One of shipping’s most vocal opponents of scrubbers has aimed another barrage at exhaust gas cleaning systems.
Euronav boss Paddy Rodgers has spoken at many conferences this year, giving his damning verdict on scrubbers. At this company’s third quarter results today he upped the ante, giving financial, environmental and regulatory reasons for owners to avoid installing the technology, especially open-loop versions, something described as a “loop hole” to compliance with the 2020 global sulphur cap.
Installing scrubbers requires an upfront capital investment of up to $5m today with “virtually no visibility of a return on capital”, Euronav stated in a quarterly update.
“Promoters of scrubbers have used MGO as a proxy for the price of compliant fuel. Some refiners including Sinochem have recently confirmed that they will sell clean compliant fuel at a price likely to be half the difference between dirty HFO and MGO. So the investment case now has half the returns being promoted and it is still 14 months before implementation and nothing suggests this price gap will not further narrow in that time,” the tanker giant continued.
From an environmental point of view, Euronav stated the wastewater produced from open-loop scrubbers contains a “toxic cocktail” of sulphuric acid constituents, polycyclic aromatic hydrocarbons and heavy metals which are pumped into the open ocean, essentially transferring pollution from air to sea.
“Putting sulphur back into the sea reduces its natural buffering capacity,” the release observed, leading to a likely increase in ocean acidity over time.
Euronav argued that open-loop scrubbers increase CO2 emissions as cheaper fuel will incentivise owners to speed up.
Euronav also felt scrubbers could face greater regulatory scrutiny once the general public find out how they work.
“Promoters of this technology argue that the open oceans dilute waste water, rendering it harmless. But the solution to pollution is not dilution. Like plastic contamination over the years, we don’t know what the cumulative effect of this waste water will be or how it will interact with existing seaborne pollutants, particularly in congested sea-lanes like the English Channel, Malacca Straits or Baltic Sea,” the company mused.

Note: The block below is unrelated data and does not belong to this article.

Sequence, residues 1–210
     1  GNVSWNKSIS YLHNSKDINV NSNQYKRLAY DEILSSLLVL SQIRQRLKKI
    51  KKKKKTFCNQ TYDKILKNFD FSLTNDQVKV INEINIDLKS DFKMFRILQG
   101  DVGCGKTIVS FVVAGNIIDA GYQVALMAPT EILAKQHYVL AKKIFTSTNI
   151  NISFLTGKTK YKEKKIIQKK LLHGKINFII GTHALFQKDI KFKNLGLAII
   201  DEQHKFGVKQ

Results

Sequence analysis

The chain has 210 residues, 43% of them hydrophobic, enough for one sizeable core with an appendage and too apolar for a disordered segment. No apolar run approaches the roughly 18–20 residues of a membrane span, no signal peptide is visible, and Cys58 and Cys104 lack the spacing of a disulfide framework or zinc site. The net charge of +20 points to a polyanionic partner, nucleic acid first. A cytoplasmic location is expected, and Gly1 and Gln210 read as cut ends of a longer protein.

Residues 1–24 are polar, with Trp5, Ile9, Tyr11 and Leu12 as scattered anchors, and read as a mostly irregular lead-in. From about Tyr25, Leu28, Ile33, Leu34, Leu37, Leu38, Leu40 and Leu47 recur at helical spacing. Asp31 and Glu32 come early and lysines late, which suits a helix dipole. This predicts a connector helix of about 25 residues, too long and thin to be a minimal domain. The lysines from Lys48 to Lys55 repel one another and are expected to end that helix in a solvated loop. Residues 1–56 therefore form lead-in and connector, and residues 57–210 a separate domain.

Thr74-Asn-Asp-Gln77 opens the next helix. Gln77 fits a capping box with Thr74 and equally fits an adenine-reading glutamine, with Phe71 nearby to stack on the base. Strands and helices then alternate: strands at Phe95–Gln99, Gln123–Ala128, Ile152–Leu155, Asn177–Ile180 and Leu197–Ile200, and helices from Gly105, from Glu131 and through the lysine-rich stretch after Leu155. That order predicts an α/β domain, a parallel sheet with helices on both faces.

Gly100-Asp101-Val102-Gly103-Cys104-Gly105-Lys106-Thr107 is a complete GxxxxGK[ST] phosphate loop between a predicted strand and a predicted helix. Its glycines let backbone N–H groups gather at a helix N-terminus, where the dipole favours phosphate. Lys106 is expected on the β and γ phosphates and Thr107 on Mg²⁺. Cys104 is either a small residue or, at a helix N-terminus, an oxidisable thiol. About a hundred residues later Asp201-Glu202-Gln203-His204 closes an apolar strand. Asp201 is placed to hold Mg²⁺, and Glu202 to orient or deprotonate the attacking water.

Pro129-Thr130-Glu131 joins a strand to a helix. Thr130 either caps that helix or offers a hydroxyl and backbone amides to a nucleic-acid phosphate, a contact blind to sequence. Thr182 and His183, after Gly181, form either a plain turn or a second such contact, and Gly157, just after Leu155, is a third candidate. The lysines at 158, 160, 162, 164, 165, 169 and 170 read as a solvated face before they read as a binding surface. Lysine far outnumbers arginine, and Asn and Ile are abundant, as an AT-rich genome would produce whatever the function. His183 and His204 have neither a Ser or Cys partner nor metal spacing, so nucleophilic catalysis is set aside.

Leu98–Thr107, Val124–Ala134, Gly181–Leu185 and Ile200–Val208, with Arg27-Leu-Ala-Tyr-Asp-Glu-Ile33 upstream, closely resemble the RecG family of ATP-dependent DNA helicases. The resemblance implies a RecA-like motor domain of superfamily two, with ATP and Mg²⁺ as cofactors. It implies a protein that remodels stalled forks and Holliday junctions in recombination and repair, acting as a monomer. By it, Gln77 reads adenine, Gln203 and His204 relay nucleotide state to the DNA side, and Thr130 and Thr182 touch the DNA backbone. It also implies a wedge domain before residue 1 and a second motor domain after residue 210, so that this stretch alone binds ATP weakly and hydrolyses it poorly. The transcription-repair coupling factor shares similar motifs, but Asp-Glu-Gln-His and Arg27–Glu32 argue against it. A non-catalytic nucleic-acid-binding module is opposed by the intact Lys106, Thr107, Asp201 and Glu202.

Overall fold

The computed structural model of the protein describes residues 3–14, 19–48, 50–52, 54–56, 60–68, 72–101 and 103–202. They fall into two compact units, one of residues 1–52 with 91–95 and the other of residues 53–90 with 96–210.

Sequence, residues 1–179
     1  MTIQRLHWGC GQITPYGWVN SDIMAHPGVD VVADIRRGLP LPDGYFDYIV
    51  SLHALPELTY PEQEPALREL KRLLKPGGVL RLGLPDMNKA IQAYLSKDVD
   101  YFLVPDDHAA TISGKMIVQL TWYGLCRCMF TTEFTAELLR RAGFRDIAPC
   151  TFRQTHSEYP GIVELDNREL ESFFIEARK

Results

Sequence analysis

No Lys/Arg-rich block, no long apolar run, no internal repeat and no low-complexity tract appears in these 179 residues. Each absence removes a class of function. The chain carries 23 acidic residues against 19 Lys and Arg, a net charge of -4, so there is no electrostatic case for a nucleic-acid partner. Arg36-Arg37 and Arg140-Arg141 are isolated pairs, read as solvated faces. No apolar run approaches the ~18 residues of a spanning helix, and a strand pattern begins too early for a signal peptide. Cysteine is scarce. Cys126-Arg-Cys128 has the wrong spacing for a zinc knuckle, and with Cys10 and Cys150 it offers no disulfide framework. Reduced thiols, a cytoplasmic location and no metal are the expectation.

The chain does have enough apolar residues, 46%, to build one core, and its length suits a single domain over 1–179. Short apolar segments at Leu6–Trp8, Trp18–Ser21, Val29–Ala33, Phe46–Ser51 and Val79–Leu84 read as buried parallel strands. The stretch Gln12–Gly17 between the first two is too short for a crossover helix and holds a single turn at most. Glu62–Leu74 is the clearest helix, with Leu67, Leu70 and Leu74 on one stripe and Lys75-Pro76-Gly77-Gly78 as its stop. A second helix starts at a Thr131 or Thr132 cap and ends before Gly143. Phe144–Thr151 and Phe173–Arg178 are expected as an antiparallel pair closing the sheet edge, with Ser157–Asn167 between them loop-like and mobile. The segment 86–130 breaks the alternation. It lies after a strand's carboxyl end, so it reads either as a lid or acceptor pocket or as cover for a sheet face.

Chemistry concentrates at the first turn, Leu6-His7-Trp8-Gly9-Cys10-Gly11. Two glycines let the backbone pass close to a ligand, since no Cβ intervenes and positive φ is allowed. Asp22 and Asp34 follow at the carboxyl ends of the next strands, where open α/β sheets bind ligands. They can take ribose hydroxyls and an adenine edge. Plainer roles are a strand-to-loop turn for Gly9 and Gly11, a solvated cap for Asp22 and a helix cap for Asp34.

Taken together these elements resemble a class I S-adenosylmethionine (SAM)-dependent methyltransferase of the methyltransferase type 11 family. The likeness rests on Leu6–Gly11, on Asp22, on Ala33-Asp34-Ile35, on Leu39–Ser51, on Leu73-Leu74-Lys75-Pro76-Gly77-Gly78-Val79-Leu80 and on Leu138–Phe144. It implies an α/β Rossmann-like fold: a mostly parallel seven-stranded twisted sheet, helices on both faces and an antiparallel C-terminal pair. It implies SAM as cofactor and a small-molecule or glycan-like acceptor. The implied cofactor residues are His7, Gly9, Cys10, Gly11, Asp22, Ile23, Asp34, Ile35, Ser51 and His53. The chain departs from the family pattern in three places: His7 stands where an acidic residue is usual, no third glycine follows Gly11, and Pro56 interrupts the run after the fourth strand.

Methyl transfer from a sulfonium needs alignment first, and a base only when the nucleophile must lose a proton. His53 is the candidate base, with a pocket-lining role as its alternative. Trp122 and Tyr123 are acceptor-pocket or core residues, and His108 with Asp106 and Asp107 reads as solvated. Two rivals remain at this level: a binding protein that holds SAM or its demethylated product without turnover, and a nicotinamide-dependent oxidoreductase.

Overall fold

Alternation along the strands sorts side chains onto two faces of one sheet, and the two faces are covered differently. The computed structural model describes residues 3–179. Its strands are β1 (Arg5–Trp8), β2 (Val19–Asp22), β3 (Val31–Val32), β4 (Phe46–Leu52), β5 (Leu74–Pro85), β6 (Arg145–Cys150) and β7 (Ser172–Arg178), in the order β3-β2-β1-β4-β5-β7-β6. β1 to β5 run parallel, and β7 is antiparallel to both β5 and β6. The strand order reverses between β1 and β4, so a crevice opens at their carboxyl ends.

Concluding, Euronav stated: “Refiners and oil producers have increasingly made clear that sufficient compliant fuel will be available. Scrubbers are therefore a loop hole which makes enforcement of the sulphur ban extremely complex, difficult to enforce and likely to facilitate non-compliance.”
Rodgers argued at the Global Maritime Forum in Hong Kong earlier this momnth that vessels equipped with open-loop scrubbers could well become “the ships that died of shame” once the general public finds out how this technology actually works, something that is now finally coming into the mainstream press. Yesterday, the UK’s Guardian newspaper published a critical article on open-loop scrubbers headlined ‘Thousands of ships could dump pollutants at sea to avoid dirty fuel ban’. The introduction to the report read: “Owners planning to install ‘emissions cheat’ systems to avoid having to buy cleaner, more expensive fuel”.
On the tanker markets, Rodgers was finally upbeat after a tricky year.
“The direction of travel for the large tanker market has changed from going sideways to up,” Rodgers stated in Euronav’s third quarter update. The Belgian tanker giant posted a net loss of $58.7m during the three-month period.